No, the masters program in geography at University of Kentucky does not require comprehensive exams. These are taken by PhD students before they begin researching for and writing their proposal. However, there is an option for masters students to take a day-long topical exam and write a shorter, more focused paper in lieu of a longer thesis.
How does a masters program differ from undergraduate study?
The most significant difference that I have experienced between undergraduate and graduate study is that I am expected to teach classes 1 day a week. Adapting my schedule to fit this new requirement has been challenging for me.
Graduate School – Paying for It
How much does your masters program cost?
Graduate tuition at Kentucky is about $10,000 per year for out-of-state students and about half that amount for in-state students. The tuition at private universities is often more expensive than at state schools. Usually, masters students such as myself teach classes or work as research assistants in exchange for tuition.
There can also be additional costs associated with your thesis work if you choose to go out into the field, because you usually have to find your own funding. For this reason, many people choose to do small projects for their theses that involve little or no fieldwork and save more costly travel for their dissertations. To do this, many people apply for grants and scholarships from the Fulbright Program or the National Science Foundation.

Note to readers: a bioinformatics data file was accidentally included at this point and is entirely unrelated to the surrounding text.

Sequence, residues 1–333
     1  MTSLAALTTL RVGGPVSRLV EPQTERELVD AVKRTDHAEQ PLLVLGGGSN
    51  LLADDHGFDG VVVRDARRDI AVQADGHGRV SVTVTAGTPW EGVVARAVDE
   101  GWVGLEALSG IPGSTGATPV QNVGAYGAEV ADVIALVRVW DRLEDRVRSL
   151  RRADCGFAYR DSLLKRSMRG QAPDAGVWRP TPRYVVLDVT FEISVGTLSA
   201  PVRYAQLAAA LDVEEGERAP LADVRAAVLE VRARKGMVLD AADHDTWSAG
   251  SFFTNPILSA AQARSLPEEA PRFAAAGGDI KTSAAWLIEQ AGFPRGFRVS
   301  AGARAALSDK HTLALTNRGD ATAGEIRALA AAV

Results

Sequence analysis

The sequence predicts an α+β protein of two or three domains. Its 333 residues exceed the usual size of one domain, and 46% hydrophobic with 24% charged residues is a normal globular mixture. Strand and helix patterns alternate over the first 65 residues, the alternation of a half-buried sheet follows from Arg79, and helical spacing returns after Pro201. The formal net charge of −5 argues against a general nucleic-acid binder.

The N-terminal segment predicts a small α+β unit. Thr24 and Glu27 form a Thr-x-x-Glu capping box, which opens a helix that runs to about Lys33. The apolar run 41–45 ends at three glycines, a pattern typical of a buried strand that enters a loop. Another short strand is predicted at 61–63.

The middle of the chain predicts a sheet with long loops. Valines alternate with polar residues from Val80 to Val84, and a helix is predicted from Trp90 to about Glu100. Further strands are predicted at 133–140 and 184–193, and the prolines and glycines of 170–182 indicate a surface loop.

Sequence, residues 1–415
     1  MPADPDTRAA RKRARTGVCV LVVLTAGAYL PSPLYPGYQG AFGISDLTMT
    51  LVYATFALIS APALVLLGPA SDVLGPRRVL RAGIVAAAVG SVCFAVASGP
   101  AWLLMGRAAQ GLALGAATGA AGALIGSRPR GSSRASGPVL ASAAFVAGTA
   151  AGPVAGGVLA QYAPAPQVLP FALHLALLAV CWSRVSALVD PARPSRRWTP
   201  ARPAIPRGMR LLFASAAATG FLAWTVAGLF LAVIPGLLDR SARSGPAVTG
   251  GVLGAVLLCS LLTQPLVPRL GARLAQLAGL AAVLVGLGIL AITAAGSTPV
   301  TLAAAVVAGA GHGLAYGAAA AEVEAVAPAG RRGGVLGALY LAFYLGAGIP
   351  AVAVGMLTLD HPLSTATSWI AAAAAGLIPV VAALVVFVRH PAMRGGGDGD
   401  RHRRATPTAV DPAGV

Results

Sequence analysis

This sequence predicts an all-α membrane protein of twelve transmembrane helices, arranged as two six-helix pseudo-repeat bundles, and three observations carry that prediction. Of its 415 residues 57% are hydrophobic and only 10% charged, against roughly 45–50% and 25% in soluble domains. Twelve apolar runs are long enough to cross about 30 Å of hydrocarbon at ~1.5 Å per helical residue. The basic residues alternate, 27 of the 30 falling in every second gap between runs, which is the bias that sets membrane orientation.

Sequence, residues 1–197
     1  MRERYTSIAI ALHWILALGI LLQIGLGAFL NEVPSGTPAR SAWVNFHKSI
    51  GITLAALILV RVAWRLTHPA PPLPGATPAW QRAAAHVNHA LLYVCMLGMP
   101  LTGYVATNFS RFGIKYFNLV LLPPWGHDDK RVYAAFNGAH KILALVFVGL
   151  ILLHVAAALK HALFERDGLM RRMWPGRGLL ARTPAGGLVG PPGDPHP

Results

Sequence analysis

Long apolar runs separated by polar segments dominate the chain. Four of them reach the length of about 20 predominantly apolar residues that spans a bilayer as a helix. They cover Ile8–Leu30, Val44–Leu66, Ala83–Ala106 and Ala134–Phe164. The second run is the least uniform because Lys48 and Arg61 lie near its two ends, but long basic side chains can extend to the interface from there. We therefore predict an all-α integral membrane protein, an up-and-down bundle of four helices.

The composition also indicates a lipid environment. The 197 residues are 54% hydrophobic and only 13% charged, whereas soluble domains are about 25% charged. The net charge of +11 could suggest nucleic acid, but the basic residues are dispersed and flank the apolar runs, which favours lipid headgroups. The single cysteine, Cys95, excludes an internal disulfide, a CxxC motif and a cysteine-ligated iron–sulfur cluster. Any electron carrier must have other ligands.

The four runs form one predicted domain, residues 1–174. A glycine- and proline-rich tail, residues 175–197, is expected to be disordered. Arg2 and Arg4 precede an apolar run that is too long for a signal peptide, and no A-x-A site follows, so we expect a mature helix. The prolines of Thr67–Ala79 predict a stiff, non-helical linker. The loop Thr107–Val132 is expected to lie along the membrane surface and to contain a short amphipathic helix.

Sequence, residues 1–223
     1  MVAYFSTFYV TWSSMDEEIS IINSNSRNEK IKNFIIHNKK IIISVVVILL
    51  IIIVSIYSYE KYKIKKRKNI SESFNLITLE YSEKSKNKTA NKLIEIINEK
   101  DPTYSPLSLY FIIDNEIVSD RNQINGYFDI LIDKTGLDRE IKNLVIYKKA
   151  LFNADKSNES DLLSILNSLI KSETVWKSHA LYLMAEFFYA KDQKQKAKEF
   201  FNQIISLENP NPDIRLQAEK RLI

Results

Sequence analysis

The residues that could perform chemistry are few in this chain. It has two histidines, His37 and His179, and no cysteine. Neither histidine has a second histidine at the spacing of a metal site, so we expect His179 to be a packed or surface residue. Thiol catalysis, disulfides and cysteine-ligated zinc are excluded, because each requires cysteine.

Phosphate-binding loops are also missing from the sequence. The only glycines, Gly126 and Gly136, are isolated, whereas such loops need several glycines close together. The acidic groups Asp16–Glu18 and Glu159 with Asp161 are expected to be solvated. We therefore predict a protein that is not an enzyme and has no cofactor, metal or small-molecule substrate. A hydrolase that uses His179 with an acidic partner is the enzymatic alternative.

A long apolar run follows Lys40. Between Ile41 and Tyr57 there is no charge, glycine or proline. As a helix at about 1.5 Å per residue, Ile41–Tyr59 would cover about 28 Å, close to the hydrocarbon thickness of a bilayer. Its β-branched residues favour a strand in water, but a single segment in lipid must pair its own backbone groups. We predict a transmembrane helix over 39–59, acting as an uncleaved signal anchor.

How are you funding your education?
I have a full scholarship and a modest salary. In order to earn these, I teach 3 small group discussion sections a week to supplement a larger lecture taught by a faculty member.
Graduate School – Living Life
What are the time commitments for a masters in geography?
I arrange studying and work around classes and teaching time. On a typical day, I get up around 8:30 a.m. Sometimes I get up earlier to teach in the mornings, grade papers or work on material for the class. After that, I go to the library or to my office to work on my own reading. I then go home to relax and continue working if I need to.
I am in the second year of the program, so I only take 1 class a week and spend more time working on my thesis. I usually have 350 to 400 pages of reading per week to complete. Overall, I spend 25 to 30 hours per week studying and I will spend more time if I am working on papers. Each week, I have approximately 5 to 6 hours of teaching responsibilities as well.
How has graduate school affected your personal life?